Bill Neumann: But no doubt there’s a lot of pressure on the solo practitioners. Operation costs are going way up, whether it’s cost of human capital, cost of supplies, just about everything, right? We know reimbursement’s not going up, which is a shame. might consider it a crime, but it hasn’t gone up in years. So it’s pushing, I think, some of these dentists to make a decision, right? Do you become an associate, kind of go that route? Do you start your own group practice? What do you do? And so this is definitely, you know, I think it’s a pivotal time. And solo is probably not the best option out there. So if we have a lot of people that listen, all kind of shapes and sizes of dentists, you know, I’m a dentist, I’ve got one location and we always call them the DSO Curious Dentist. We’re here and we’re trying to figure out, you know, either how to compete with a DSO, or maybe we want to start our own group practice, or maybe we want to sell to one. So they’re here trying to gain information. But if you had to, and I know you can do this because I just listened to the podcast where you talked about this. If I have one location and I want to maybe either get to two or start a group practice, or maybe I don’t even have a single location, how would you start that group practice today? What kind of insights can you give somebody that might want to start a group practice in 2024?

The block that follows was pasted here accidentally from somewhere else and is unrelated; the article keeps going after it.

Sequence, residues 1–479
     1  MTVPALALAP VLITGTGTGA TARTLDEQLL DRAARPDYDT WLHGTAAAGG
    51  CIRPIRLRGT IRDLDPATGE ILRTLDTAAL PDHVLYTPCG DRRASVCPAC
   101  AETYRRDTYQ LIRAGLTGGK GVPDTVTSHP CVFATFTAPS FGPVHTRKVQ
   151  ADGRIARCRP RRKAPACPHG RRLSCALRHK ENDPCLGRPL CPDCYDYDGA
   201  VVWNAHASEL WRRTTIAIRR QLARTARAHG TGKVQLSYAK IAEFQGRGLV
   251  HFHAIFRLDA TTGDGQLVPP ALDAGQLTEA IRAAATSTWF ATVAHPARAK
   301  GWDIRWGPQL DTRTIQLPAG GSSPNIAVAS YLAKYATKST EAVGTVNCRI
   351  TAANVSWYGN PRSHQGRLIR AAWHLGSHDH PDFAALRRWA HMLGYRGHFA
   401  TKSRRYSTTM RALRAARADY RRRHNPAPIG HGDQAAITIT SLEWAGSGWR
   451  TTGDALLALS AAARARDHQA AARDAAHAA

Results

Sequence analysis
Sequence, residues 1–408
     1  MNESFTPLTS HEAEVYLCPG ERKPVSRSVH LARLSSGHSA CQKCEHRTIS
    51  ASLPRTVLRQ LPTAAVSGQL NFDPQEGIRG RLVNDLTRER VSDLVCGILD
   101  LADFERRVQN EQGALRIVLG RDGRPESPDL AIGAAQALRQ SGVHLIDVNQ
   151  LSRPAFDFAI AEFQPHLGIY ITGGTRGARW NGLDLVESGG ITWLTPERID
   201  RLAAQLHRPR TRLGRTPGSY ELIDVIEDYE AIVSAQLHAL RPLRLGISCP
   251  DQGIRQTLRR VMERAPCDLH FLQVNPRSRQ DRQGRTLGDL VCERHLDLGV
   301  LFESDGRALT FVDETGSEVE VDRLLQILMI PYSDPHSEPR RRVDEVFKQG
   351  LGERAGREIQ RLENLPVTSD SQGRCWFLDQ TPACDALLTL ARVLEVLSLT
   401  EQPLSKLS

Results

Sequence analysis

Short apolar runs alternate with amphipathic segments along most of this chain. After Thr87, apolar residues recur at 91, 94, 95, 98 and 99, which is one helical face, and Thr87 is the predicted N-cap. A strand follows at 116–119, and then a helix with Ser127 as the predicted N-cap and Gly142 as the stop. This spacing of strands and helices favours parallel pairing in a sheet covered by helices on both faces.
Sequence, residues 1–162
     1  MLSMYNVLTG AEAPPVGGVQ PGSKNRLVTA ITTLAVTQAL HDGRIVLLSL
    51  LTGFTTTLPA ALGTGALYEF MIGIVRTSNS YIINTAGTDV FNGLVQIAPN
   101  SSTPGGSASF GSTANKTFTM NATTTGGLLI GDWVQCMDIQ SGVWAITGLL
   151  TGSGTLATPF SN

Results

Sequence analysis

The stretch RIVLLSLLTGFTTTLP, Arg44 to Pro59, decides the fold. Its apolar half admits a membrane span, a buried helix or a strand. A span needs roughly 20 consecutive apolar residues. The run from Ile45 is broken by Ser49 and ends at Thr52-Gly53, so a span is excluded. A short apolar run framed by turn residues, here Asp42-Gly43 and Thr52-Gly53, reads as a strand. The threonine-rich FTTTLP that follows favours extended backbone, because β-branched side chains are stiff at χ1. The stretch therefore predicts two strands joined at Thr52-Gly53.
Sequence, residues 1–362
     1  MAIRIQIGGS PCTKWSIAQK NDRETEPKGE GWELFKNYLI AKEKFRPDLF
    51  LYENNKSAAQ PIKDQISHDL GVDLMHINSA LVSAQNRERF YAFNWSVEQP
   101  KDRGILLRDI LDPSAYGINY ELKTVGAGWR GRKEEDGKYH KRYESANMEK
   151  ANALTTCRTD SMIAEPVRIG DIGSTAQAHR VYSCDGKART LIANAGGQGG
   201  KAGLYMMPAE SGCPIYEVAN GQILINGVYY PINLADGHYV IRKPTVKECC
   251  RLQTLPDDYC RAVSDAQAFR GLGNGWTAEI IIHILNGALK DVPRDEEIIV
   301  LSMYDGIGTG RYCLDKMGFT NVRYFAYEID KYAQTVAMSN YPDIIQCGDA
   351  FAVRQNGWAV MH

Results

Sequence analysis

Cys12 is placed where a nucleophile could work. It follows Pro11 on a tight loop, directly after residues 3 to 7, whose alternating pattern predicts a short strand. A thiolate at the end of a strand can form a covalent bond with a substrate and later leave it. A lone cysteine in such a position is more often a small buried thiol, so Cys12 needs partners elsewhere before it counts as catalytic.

Perrin DesPortes: Yeah, and this is going to sound a little bit counterintuitive or ridiculous, however you’d like to categorize it. It’s probably both. We have the benefit of working with a lot of group practices, all shapes, sizes, manners, and forms. And some are very well run, and some maybe less so, and some have outright challenges. even though my world is group dental practices, I don’t, I’m not being an advocate that you should build one. Uh, I see a lot of messes. Um, I see a lot of challenges and some we can help with and candidly some we can’t. So just because I’m in the world of group practice doesn’t mean it’s the right thing for everybody and that everybody should be doing it. All right. That’s the first thing. Specifically, if you’re, five years from retirement, near retirement, something like that, and you’ve got a successful business, I don’t know that it’s worth the risk, candidly, of personally guaranteeing more debt to acquire additional locations at that latest stage of your career. But what you said, Bill, is 100% true. that it is getting harder to run a small business of any sort due to wage escalation costs and all those staff members that we had to give guaranteed raises to or additional bonuses or what have you in the last couple of years to keep them as part of our business. they’re not going to be given back those wage gains anytime soon, right? And the cost of supplies, the cost of employee benefits, all of that good stuff isn’t going to recede in the future. So, you know, when we when you talk about insurance reimbursement declining, or at best case stagnating for a solo practice, because they have such a hard time negotiating fee increases, you know, if your revenue line is sort of capped and you’ve got growing expenses, that marginal pressure hits the owner right in his or her back pocket in terms of personal income. And that’s a challenging place to be. So I think if you’re 10 years, 15 years, 20 years out, you owe it to yourself to at least explore building a group practice And if so, if you decide to do so, then have realistic expectations around the timeframe, what you want to build, why you want to build it, and a lot of other things that we take our clients through and some of the programs that we offer. So, you know, if I were going to build a group practice, what would it look like? And maybe what what advice might I give, you know, and you’re right, I did record a podcast episode about this, because I do get this question a lot. Okay, genius, if you’re so smart, what would you do? And the way I would answer that is, you know, I do think there is a lot of power and might, and to a degree, a defensive strategy in a multi location group. That being said, more locations can create more chaos. So when we think about a practice in and of itself, the first thing, the first risk profile we want to minimize is something I call provider dependency. So if you’ve got, if you’re a general dentist and you’ve got a four operatory practice, you may be generating a lot of revenue out of it. But a general dentistry practice with four operatories probably has two hygienists in it, and there’s no additional room for an associate or another provider in that practice. If you leave that practice and hire an associate behind you, and he or she gets struck by lightning or hit by a bus or they quit or you have to terminate them or they have a health scare or whatever else, You know, it’s probably going to be dark revenue days for a little while in that business. So the opportunity to expand it days and hours or through additional providers is very, very limited. So the first thing we want to make sure of, whether we’re acquiring practices or building practices, is not to create so small the confines that you have provider dependency there. I get to work with a good number of larger footprint solo practices. These are businesses that could have like, you know, call it eight to 10 ops. I’ve got one that’s got 38 operatories under one roof. That’s a massive business. It’s huge business, but I, you know, specifically if we’re talking maybe eight to 12, 10 to 16 operatories all under one roof, you know, that’s something that probably employs three or four or five associates in it, multiple hygienists, if it’s a general dentistry practice. You have the ability to bring in additional associates and expand days and hours. You have a revenue volume that gives you some negotiating power, both for revenue construct as well as cost containment. And the business isn’t dependent upon one person’s unique skill set for its survival. And I think if we’re starting out with one, you’re not going to build a 16 operatory practice right out the chute. But if you’ve got a successful, say, six op practice and you acquire a second 6-op practice, maybe the strategy is you’re acquiring the second 6-op practice with the intent of merging those two businesses together at some point in the not too distant future to create something that might be 10 to 12 to 14 ops all under one roof. And if you can replicate that type of a strategy methodically over some extended period of time, maybe six to 10 years, and you end up with something like three practices that have, call it 15 operatories, 16 operatories all under one roof. You can also build some aspect of a multi-specialty type of a business or something where you employ a specialist or several, to do the specialty work and kind of keep all of that in-house. But you limit the amount of chaos due to additional locations that you can’t be everywhere at once. And to me, that’s a very viable business model. It’s a methodical approach. We’re not in a hurry to get there. It would value very highly, I’m sure, if you ever did want to sell it. But there are a lot of people that are building businesses like that, that, again, they’re operating them for cash flow purposes, and they’re possibly looking to bring on some level of minority partner along the way through a buy-in or an earn-in structure or a hybrid of both. And I think a business of that size gives you a lot of flexibility as it relates to all of that.